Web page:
THE BLOG

What Did I Come In Here For?

24/10/2014 15:51 BST | Updated 24/12/2014 10:59 GMT

Ever walk into a room and forget why you went in there? You are not alone. Research from Bupa has identified that two thirds of adults (63%) admit to suffering embarrassing or annoying 'memory blots' three or more times a week.

These all too familiar moments, when you forget a friend or colleague's name or why you went into a room, are happening to over a quarter (27%) of us at least once a day, and to 96% of people at least once a week. Half (50%) of people admit they find these forgetful moments frustrating while almost a third (30%) said they were annoying.

No matter what age you are, from time to time it is normal to forget where you put your keys or what you went upstairs for. While occasional memory blots should not be mistaken with the onset of dementia, these moments of confusion and blank recall do give a small sense of what living with dementia can feel like, and the frustration someone living with the disease can experience.

I draw on this analogy to try and help explain what it must feel like to live with dementia. Losing your keys is annoying, but imagine forgetting the simplest, and sometimes the biggest things, every single day - and the amount of upset and frustration this would cause you. Envisage fearing that there might be something that you had to do, maybe needed to do, but then forgotten.

By 2025 more than one million people are expected to be living with dementia in the UK. We have created the Memory Challenge to give people a small insight into what living with dementia can feel like. The online game simulates a sense of confusion and frustration to help give people an idea of the feelings someone living with dementia can experience. The challenge can be found at: www.thememorychallenge.co.uk.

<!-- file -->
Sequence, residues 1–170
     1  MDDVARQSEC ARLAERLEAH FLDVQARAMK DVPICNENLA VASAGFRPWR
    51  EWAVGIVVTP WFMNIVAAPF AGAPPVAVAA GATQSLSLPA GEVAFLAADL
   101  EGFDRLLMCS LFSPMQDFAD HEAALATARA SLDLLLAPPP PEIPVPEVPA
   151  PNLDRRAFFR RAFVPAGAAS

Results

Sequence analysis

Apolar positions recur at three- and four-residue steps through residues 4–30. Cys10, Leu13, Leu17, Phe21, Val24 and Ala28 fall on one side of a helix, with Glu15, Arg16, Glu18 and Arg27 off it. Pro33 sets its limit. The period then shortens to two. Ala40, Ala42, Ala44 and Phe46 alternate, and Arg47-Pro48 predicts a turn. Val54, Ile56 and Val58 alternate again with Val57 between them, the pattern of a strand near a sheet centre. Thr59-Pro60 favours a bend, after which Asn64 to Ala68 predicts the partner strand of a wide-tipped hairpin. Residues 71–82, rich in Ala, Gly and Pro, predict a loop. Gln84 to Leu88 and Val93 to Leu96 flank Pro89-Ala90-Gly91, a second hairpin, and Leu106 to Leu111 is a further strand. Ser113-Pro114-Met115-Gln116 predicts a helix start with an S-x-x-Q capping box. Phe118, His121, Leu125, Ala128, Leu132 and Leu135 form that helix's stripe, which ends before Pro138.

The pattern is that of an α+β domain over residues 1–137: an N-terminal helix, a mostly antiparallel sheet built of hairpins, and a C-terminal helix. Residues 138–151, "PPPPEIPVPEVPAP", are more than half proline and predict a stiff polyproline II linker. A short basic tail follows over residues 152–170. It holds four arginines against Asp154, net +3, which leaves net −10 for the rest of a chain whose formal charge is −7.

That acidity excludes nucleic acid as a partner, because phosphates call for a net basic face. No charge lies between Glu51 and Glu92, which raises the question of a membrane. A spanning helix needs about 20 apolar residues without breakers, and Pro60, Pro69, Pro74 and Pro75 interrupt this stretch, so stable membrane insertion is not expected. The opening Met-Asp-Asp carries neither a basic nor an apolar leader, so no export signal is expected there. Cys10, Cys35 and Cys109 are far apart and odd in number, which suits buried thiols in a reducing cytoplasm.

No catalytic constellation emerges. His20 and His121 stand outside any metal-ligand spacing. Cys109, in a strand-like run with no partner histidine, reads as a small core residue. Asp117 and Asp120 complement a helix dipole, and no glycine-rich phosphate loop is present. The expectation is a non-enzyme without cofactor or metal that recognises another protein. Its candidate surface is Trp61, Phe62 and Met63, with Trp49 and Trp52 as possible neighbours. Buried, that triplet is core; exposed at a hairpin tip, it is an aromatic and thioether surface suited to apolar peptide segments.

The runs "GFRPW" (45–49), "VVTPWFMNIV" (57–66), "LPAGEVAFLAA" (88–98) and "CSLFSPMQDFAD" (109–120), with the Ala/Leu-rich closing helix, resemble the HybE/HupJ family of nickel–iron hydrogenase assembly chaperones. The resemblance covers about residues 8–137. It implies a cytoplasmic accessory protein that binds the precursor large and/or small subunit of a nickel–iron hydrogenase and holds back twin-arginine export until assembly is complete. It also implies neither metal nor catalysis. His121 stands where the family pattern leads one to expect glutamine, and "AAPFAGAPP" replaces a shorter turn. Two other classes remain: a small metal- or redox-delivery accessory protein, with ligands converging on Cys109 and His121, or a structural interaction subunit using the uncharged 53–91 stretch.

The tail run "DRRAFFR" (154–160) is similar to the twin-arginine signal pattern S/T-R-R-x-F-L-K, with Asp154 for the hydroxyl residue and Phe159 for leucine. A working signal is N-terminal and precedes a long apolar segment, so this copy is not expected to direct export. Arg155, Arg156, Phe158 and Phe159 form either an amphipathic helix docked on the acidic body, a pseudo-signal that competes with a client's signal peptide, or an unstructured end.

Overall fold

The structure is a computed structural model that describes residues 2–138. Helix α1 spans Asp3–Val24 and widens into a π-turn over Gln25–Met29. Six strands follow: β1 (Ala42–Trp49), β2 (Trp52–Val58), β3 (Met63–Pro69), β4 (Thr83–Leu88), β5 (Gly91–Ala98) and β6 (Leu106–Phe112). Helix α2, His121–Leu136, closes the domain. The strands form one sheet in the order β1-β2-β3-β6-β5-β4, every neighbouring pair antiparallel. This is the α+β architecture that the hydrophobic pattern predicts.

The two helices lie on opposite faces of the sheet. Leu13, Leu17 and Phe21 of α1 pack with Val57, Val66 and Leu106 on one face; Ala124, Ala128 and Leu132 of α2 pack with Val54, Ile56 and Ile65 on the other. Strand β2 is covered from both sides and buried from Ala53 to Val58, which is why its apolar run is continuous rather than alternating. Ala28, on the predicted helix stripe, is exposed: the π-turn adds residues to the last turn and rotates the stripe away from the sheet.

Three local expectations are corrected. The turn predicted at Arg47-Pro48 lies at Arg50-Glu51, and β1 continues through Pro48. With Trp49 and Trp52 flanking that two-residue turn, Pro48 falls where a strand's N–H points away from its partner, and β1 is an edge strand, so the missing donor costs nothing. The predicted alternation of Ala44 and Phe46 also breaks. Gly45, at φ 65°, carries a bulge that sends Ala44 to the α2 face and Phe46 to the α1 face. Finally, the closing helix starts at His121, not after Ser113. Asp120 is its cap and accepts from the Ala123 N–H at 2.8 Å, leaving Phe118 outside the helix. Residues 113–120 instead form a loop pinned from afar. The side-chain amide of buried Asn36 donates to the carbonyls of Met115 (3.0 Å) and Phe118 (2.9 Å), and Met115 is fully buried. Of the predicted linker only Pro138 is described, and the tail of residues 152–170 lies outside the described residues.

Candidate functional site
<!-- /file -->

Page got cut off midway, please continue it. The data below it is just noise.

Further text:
While the number of people living with dementia is on the rise, our research shows that there is a lack of awareness and understanding of the disease. Just under half of people (45%) think that the condition affects 1 in 250 people or fewer, when in reality the condition affects 1 in 14 people over the age of 65 alone. There are also an estimated 40,000 people in the UK with dementia under the age of 65.

Our research also shows that there is a lack of awareness about how early dementia can begin to develop. Someone who is diagnosed with the condition at 70 is likely to have started developing dementia in their brain in their mid-40s. Over three quarters of people (77%) don't think dementia can occur in the brain in the early-40s. In fact, more than half of people (57%) believe that someone diagnosed with dementia at 75 wouldn't start developing the condition until they were 55 or older.

With the number of people living with dementia set to more than double over the next thirty-five years, more needs to be done to raise awareness and understanding of the condition. Soon most of us will know a family member or friend that has the dementia and it is vital that people better understand the condition and know how they can help support people living with it, as well as their family and friends. The Memory Challenge is just one step in Bupa's commitment to make a more dementia friendly society.